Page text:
Published On: May 2, 2020
Reviewed On: May 2, 2020
Updated On: November 2, 2023
Everyone experiences changes in mood from time to time. It’s normal to have days where you feel sad, and others where you’re elated. As long as your mood changes do not interfere with your ability to carry out daily activities, these fluctuations are mostly considered to be healthy.
However, if you have serious and constant shifts in your mood, and these shifts are characterized by frequent episodes of extreme happiness or extreme depression, it can be a sign of a mental health condition formerly referred to as “manic depression,” and now more commonly known as bipolar disorder.
Manic depression, or bipolar disorder, is a disorder that causes one to experience severe inconsistencies in mood, thoughts, and behavior. It has also been called “manic-depressive illness.”
People who are affected by this condition may experience constant shifts in mood, and also commonly go through intense periods of depression or mania, a mood characterized by periods of great excitement or euphoria, delusions, and overactivity. Manic depression does not occur in the same way for every person who suffers from it, however. Some mostly experience a depressive state, while others mostly experience manic phases. Sometimes, the depressive and manic symptoms can even occur together at the same time.
Manic depression typically develops in late adolescence or early adulthood. Based on diagnostic interview data published by the National Institute of Mental Health, an estimated 4.4 percent of adults in the United States experience manic depression at some point in their lives, and 2.9 percent of adolescents between the ages of 13-18 are afflicted by the condition as well.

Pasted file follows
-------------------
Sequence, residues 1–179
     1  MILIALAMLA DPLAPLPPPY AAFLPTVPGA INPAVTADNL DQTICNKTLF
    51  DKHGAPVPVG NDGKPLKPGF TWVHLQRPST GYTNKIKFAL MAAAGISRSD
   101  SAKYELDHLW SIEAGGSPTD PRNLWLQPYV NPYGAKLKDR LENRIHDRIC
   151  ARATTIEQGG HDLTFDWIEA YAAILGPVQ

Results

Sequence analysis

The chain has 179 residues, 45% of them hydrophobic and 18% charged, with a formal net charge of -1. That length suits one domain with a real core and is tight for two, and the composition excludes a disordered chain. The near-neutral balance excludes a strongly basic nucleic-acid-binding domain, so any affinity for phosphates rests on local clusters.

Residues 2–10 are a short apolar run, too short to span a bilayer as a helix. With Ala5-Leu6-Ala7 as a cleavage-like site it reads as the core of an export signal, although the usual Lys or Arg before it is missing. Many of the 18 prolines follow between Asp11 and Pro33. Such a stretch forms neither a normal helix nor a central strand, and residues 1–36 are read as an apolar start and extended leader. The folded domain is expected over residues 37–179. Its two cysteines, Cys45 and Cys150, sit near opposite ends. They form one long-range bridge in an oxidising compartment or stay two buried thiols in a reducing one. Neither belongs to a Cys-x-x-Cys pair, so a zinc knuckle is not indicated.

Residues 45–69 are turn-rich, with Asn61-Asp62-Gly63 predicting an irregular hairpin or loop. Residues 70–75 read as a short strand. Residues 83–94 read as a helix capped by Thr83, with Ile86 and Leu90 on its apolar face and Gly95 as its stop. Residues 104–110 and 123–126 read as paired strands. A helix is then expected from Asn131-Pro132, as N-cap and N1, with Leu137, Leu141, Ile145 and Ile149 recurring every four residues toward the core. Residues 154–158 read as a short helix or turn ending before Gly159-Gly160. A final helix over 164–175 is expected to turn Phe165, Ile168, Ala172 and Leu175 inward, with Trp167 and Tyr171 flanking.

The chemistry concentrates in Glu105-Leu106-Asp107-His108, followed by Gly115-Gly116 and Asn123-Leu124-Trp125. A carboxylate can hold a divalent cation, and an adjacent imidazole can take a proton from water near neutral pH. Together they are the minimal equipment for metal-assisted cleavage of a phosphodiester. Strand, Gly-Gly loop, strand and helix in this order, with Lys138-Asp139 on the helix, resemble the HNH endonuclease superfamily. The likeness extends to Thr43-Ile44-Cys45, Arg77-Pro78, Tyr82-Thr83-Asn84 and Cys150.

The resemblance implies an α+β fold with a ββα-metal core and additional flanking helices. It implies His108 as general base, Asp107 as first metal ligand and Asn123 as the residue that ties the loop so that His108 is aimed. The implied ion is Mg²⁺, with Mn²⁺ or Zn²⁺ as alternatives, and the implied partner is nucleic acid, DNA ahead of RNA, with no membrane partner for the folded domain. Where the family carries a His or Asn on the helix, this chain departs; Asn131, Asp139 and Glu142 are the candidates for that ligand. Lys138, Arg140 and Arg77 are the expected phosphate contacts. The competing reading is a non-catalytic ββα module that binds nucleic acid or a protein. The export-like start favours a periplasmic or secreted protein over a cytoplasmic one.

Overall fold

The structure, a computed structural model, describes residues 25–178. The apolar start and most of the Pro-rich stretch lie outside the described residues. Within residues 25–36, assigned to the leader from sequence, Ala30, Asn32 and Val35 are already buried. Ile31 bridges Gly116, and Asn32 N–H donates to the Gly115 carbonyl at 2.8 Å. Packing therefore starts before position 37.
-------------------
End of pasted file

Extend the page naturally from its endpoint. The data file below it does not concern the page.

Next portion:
The symptoms of manic depression vary in severity. A person who experiences manic phases may show different signs from a person who more often experiences depressive states. Sometimes, sufferers may not experience any symptoms for extended periods of time.
Signs of a depressive phase may include:
At the other end of the spectrum is the manic state, which is characterized by the following symptoms:
People with manic depression may also go through a state of hypomania — a milder form of mania that involves less severe symptoms. Before a person can be diagnosed with manic depression (bipolar disorder), they must have experienced one episode of mania or hypomania.
Generally, manic depression occurs in four different categories: bipolar I disorder, bipolar II disorder, cyclothymic disorder or cyclothymia, and “unspecified” or “other specified” bipolar disorder.
People who have bipolar I disorder have likely experienced one or more manic episodes. To be diagnosed with this condition, the phases of mania must last at least seven days, or be so extreme that the person has to be hospitalized.
Bipolar II disorder is a subset of manic depression in which a person never really goes through a full manic state, but experiences hypomanic episodes and shifts back and forth between depressive phases.
People with cyclothymic disorder usually experience a constantly unstable mood, coupled with hypomania and mild depression for a period of at least two years.
When a person does not meet the criteria for bipolar I, II or cyclothymia but has still experienced periods of clinically significant abnormal mood patterns, the condition is known as bipolar disorder, “unspecified” or “other specified.”
According to a survey by the Depression and Bipolar Support Alliance, 69 percent of patients with manic depression are misdiagnosed initially and more than one-third remained misdiagnosed for ten years or more. Because manic depression has similar symptoms to other mental illnesses, like borderline personality disorder and unipolar depression, healthcare experts sometimes unknowingly provide inaccurate diagnosis to their patients based on similar or overlapping symptoms.
The consequences of misdiagnosis of manic depression are numerous, and devastating. Misdiagnosis leads people to seek treatment for the condition they don’t have, while the symptoms of manic depression are left untreated. These symptoms, if untreated, can increase the severity of the condition over time.